Fan Fiction and Fan Communities in the Age of the Internet edited by Karen Hellekson
I got this book because the whole field of fan fic intrigues me but I don’t know much about it.
The first couple of articles about it were helpful. I learned how the early fans of the original Star Trek were mostly women and how the romantic pairing between Spock and Kirk developed. The way the authors described it made sense to me for once.
They theorize that fans like the pairing of equals and the spiritual closeness that might occur in high-stress situations. I bought it. I even thought of pairings between other male characters in my favorite movies and books that would be entertaining.
The essays are for an academic audience and many of the terms are coined for the particular essay. On top of that, many of the essays assumed that the readers are familiar with fan interaction and fan fiction. A lot of it was hard going.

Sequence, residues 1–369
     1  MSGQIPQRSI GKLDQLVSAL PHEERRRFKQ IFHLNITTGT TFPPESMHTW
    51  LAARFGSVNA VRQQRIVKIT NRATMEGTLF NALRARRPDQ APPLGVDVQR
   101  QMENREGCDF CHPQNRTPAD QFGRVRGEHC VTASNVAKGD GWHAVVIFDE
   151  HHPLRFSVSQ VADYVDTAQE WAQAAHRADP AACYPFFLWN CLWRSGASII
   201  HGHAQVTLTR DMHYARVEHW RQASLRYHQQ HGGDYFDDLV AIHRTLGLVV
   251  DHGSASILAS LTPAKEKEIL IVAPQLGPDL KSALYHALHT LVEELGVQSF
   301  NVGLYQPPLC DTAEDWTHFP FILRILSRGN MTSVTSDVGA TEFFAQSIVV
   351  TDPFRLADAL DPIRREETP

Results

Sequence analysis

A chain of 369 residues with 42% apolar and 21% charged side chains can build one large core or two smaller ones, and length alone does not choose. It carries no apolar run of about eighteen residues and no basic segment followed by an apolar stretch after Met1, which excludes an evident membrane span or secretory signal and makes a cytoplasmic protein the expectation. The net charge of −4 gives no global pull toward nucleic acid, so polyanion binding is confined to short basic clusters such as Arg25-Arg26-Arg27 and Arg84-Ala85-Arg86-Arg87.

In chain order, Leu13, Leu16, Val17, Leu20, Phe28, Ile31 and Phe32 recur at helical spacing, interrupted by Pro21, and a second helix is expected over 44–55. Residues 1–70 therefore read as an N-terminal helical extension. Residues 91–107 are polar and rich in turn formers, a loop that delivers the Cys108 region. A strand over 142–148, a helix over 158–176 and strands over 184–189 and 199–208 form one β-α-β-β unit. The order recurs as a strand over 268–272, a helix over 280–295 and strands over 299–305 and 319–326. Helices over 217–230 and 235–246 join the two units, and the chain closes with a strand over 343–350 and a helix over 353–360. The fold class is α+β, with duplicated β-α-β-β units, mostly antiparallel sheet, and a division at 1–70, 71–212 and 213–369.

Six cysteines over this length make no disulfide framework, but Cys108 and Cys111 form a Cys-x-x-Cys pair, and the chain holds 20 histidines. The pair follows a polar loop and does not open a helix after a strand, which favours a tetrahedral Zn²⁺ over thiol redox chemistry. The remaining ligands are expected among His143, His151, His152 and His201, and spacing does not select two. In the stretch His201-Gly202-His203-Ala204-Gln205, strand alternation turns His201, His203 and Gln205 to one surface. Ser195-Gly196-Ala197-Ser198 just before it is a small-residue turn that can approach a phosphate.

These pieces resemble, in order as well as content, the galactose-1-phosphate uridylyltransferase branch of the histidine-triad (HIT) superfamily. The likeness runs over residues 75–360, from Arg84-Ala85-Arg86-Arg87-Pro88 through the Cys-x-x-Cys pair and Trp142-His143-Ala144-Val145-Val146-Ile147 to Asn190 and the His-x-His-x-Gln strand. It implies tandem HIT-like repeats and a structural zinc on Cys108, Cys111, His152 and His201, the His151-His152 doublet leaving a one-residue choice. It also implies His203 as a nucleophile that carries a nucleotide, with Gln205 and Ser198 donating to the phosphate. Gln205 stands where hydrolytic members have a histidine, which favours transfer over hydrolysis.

My only real problem was with the part about male pregnancy. The story was that Harry Potter and Draco Malfoy are lovers, and that Potter has magically impregnated Malfoy.
The pregnancy didn’t bother me; I’ve seen Junior. What did bother me was that Malfoy is suffering from morning sickness. It boggled my mind. Why would you wish morning sickness on anyone?
One of the theories in the essays are that the male characters are disguised women.
OK, but does this apply to every aspect of female biology? Are Wolverine (X-men) and Spike (Buffy), in a fan fic, bickering over whose turn it is to buy the sanitary pads?
If there is, please, please, please, don’t tell me about it. My mind is still boggled.